Category Archives: NewsHour: Economic Patchwork Map

A map of the nation that aggregates data-rich content on the economy.

Parting thoughts

Signs of the times

Signs of the times

Over the past 10 months, has featured some of the most poignant, informative and visual stories about communities coping in the ongoing crisis.

These stories are what make public media stand out – the voices featured from around the country and the innovative ideas that have inspired news stories.

It’s been so exciting to learn how the economy has changed over the past year – at times the stories have been hopeful and uplifting, often they’ve been upsetting and grim, but never boring.

Here’s a quick review of a few stories that continue to be relevant:

Book Club (4/12/2010) and Book Keeping (3/11/2010) Funny names of old financial texts, and a Paul Solman list of the best books on the financial crisis.

One Sixth of What? (9/22/2009) Back in September, before the health care reform legislation was passed, we examined what makes up the health care costs.

Trading Up (2/24/2010) looked at bartering’s comeback – from help with school projects to borrowing a rake from your next door neighbor.

Shifting Gears (4/2010): Tens of thousands of people work building vehicles in the U.S. And while Ford and GM are reporting that their books look better, many people are still riding the waves of the the hard transition in this industrial sector. That’s why Shifting Gears, a public radio special, will have relevance for some time to come. The latest EconomyBeat podcast features highlights from the program.

Pictures of Transition: One of the most popular aspects of the blog this past year was the weekly collection of user-generated images about the state of the economy. These powerful, witty and painful pictures illustrate the compelling drama of the recession that communities and individuals continue to navigate.

I can’t write about EconomyStory without including stories that came directly from readers, listeners and viewers in the form of comments, six-word memoirs and responses on Facebook and Twitter.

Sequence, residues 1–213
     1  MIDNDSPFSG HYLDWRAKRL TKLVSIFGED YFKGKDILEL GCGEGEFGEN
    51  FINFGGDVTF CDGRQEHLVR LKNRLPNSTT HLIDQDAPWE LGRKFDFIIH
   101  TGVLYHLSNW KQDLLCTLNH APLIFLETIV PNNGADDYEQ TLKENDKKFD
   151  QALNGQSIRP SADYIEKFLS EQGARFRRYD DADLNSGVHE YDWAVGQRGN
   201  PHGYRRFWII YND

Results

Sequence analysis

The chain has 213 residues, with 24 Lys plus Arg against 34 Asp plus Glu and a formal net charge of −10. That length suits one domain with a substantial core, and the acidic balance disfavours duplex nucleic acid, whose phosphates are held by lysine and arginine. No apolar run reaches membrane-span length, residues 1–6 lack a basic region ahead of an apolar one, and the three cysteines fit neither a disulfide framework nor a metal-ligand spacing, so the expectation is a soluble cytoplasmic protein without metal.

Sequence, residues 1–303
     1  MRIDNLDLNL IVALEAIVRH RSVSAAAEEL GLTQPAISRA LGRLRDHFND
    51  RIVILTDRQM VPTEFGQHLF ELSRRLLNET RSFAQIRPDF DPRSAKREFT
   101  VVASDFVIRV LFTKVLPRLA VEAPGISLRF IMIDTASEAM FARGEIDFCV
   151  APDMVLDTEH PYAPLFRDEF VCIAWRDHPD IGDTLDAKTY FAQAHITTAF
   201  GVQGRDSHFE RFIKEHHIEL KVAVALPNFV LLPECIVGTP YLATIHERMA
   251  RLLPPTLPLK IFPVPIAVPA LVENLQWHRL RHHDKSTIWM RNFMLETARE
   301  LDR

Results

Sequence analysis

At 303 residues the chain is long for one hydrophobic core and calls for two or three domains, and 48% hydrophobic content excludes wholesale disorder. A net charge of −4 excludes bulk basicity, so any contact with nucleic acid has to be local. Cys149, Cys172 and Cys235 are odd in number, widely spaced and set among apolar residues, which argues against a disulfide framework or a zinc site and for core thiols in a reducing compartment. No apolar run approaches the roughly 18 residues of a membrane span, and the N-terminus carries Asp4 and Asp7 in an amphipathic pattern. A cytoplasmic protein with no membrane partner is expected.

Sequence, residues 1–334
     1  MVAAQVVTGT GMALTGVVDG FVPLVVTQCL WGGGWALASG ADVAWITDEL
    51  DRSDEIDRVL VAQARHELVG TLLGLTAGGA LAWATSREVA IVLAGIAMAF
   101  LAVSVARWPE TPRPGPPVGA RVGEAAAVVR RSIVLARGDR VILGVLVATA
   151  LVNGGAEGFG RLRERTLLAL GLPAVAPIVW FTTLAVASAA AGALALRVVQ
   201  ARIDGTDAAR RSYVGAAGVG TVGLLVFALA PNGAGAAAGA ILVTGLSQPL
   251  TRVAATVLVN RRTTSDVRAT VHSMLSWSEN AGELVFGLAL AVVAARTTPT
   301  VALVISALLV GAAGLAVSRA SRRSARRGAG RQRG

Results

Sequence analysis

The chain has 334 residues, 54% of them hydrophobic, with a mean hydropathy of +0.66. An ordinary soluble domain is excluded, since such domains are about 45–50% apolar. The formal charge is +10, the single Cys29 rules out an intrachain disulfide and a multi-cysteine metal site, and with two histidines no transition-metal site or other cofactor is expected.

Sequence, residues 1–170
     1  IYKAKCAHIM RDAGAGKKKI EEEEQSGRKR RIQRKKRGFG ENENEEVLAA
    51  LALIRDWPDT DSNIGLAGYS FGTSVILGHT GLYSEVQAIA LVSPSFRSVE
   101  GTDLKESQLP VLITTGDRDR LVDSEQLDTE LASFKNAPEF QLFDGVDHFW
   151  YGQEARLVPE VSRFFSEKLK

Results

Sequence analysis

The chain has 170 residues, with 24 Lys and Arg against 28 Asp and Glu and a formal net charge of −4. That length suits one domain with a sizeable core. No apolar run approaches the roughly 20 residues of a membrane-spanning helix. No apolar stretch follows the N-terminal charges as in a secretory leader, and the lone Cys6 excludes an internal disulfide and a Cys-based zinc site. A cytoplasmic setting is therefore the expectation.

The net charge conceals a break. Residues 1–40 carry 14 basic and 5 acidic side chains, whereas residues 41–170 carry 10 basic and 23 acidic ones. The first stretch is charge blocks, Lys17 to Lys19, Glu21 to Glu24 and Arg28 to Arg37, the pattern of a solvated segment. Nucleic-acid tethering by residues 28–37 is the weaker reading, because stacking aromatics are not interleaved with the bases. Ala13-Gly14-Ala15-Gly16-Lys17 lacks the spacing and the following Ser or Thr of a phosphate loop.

A comment from reader Carlos Tobin about bank size, one of many active discussions on Facebook:

Limiting the size of banks could hurt a innovative start up bank that wants to form and take out the banks that caused the problem. Legislation will just entrench the existing players, and stifle innovation.

And the Six-Word Memoir Project with SMITH Magazine, which collected creative tales of economic hardship. The most recent ones, posted on the SMITH site include:

Whitney Cole: Goodbye, economy. Hello, credit card debt.
Charles: Exchanged credit cards for library card
Kali: Buying a camper, not a house!

EconomyStory will continue to serve as a jumping off point for exploring all that public media has to offer. Projects like Patchwork Nation and Youth Radio aren’t going away, so the links on this site will still take you to the best coverage of the economy. However, as the EconomyStory collaboration comes to an end, this blog will no longer be updated. You can still follow the great work that the Public Radio Exchange (PRX) does at and you can follow my work on Twitter @laurahertzfeld. Thank you for all your support and input! And a big thank you to the Corporation for Public Broadcasting (CPB) for making this possible.

A matter of trust

The banking industry looked pretty ugly in the hearing on Capitol Hill yesterday as Senate leaders on the left and the right slammed Goldman Sachs for allegedly defrauding investors.

In case you missed it, PBS NewsHour analyzed the proceedings and this short video from The Huffington Post mashes up the hearing into five minutes of accusations and rebuttals… you’ll get the gist.

But the kernel that the industry has to take away from the screaming matches in the news today is that trust is all but gone between consumers and the traditional banking system. So how can the finance industry move ahead? Perhaps the answer rests with consumers taking more responsibility for their own financial future. This was one of the themes of a conference I attended this week called The Future of Money and Technology. I moderated a panel at the San Francisco event, where I met leaders in the financial and tech worlds who are working on creative, innovative ways to improve and expand on how consumers and companies manage their money.

Former Union Bank executive and entrepreneur Arno Hesse spoke about Bernal Bucks a new project in a San Francisco neighborhood that encourages people to spend money in their community and reinvest in businesses they know and frequent.